Tuesday, October 25, 2005

¿Habla usted español tambien, Elsie?

With all the fuss over hurricanes, Supreme Court nominees, and the probable indictments this week of high-ranking Bush administration criminals, the
"intelligent design" trial
taking place in Harrisburg, PA, is getting little attention from the mainstream media.

This is a shame. The entertainment value of watching biblical creationists scrambling to unearth some kind of probative evidence to back up their naked opinions -- which, of course, is what a court trial requires -- is a lot higher than, say, mundane photos of Judith Miller being let out of prison or Karl Rove being hauled off to one.

Almost daily some good reporting in the small town York Daily Record (home of the Dover, Pennsylvania school board) spins off into obscurity, unnoticed by most of the rest of us on Earth. Staff reporters Lauri Lebo and Michelle Starr are doing some mighty heavy lifting, trying to provide conventionally balanced 'on-the-one-hand-this, on-the-other-hand that' reporting when there isn't much "on the other hand" to it. Still, the Daily Record doesn't want to offend the local Neanderthals intelligently designed bible-thumpers. That's a job better left to columnist Mike Argento, who puts the case in context three times a week in his humor column.

A running transcript of the actual trial testimony is available on Talk Origins.org. The defendant school board members -- or at least those who remained on the board after the smarter ones quit in disgust or embarrassment -- began the defendant side of the case last week.

It's been a tough go so far. Quite a few defense expert witnesses seem to have bailed out after it became apparent they wouldn't be allowed merely to deliver one-sided Oral Robert-style lectures to a credulous audience, but instead they'd have to endure cross-examination by card-carrying Darwinian lawyers who know something about logic, reality, proof, and the scientific method. According to blogger Panda's Thumb, the first defense witness, Michael Behe, was so thoroughly discredited that his career may have been 'terminally demolished'.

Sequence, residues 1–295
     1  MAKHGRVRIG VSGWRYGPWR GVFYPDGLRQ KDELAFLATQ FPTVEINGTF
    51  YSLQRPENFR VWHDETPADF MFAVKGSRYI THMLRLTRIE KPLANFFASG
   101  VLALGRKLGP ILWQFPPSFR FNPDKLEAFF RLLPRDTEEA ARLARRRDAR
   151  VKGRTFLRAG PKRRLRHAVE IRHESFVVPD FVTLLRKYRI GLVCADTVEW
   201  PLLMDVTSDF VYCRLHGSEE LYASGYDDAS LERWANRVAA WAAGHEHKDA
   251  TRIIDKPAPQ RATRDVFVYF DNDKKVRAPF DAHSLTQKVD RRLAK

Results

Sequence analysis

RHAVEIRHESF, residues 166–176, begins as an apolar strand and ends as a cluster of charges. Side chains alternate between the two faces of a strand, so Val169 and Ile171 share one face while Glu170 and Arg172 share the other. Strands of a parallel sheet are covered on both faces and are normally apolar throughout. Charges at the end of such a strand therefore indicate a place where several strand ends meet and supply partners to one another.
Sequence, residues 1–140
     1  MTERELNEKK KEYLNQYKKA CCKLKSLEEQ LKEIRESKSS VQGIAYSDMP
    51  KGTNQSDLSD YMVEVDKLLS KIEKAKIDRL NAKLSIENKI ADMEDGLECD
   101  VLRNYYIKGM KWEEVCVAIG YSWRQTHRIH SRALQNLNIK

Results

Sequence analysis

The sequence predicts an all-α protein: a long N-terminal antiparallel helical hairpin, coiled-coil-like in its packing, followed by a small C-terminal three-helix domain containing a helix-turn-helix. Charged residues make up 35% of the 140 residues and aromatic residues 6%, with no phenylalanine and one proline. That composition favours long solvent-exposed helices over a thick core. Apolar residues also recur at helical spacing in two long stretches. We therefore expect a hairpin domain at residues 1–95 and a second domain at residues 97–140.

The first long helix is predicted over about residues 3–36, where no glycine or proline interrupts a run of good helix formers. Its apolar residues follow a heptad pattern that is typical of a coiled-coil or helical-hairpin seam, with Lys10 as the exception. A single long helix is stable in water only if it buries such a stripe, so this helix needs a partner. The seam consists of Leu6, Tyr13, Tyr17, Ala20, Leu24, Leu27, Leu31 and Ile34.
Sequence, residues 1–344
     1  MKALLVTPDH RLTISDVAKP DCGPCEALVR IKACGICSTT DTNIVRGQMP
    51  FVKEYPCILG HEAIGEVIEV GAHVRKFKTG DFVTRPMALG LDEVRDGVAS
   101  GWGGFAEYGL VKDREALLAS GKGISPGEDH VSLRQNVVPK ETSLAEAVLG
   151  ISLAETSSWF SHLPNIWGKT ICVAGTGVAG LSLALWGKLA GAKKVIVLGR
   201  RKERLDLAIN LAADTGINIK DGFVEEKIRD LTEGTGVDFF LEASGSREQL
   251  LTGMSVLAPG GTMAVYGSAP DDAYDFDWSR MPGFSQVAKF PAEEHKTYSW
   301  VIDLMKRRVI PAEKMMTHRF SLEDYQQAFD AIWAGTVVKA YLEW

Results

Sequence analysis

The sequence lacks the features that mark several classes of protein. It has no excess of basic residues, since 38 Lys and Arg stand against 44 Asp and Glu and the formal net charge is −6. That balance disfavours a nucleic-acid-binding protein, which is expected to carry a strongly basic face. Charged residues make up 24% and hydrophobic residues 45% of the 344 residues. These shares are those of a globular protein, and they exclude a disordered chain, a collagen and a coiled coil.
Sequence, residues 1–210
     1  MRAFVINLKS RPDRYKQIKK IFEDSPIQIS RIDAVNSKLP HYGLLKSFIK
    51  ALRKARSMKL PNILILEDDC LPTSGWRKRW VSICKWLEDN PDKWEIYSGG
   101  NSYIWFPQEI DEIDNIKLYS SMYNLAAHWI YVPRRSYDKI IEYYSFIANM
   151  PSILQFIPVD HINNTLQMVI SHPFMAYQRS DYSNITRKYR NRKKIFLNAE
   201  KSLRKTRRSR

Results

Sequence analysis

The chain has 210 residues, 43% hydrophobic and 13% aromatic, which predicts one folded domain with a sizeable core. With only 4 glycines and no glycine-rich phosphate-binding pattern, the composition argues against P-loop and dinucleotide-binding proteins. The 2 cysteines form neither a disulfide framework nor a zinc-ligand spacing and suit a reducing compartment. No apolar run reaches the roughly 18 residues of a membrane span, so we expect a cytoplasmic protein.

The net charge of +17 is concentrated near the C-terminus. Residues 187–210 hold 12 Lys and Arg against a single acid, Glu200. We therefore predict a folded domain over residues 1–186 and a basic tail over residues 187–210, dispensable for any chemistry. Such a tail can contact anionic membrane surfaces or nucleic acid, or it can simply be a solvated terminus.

"Will all the rest of the [defendant's] scheduled experts actually show up for a big helping of what Behe had?" Panda's Thumb asks. Unhappily enough for the school board, it seems a few will. In the end, the defendants may wish they'd all stayed home.

Yesterday, Defense Witness No. 2, Steven Fuller, took the stand. He's an obscure sociology professor who teaches "philosophy of the social sciences" at Warwick College in England.

Fuller wound up testifying "at the moment, evolutionary theory is a better explanation of the biological world." His only argument seems to have been that Darwinian evolution is so broadly accepted by so many scientists that "affirmative action" is needed to keep so-called 'intelligent design' notions from being "marginalized in cult status."

"[I]ntelligent design," the York Daily Record reports he said from the witness stand, "sits on the fringe of science."

And, that was a witness for the anti-Darwinists on the school board!
Fuller told the court that one of the problems of science is with the very definition of 'scientific theory,' which is the idea of well substantiated explanations that unify a broad range of observations. He said by requiring a theory to be 'well substantiated,' it makes it almost impossible for an idea to be accepted scientifically.
Get it? The problem with science is it requires that crackpot theories be subjected to rigorous scientific testing before they are palmed off on school students. What is education coming to?

As reporters Lebo and Starr correctly point out, in proposing that so-called 'intelligent design' theory be taught in school, "Fuller was actually proposing the definition for hypothesis — an untested idea... ." Or, as columnist Mike Argento puts it less politely:
What Fuller was suggesting ... is that science won't let intelligent design in merely because it doesn't meet the requirements of a scientific theory, as far as science is concerned.

In fact, he said to call intelligent design a scientific theory, you had to change the definition of a scientific theory. The last defense witness who did that said his definition of a scientific theory included astrology.

Fuller said intelligent design is, essentially, a half-baked idea, pretty much something the intelligent design guys have whipped up without doing much in the way of producing evidence.

And that's why it should be taught to ninth-graders in Dover.
"You know," the columnist reflects, "I can come up with a lot of half-baked ideas that no one in their right mind would want to teach to kids in Dover. Let's see. How about this? Cows think in Spanish. Discuss.

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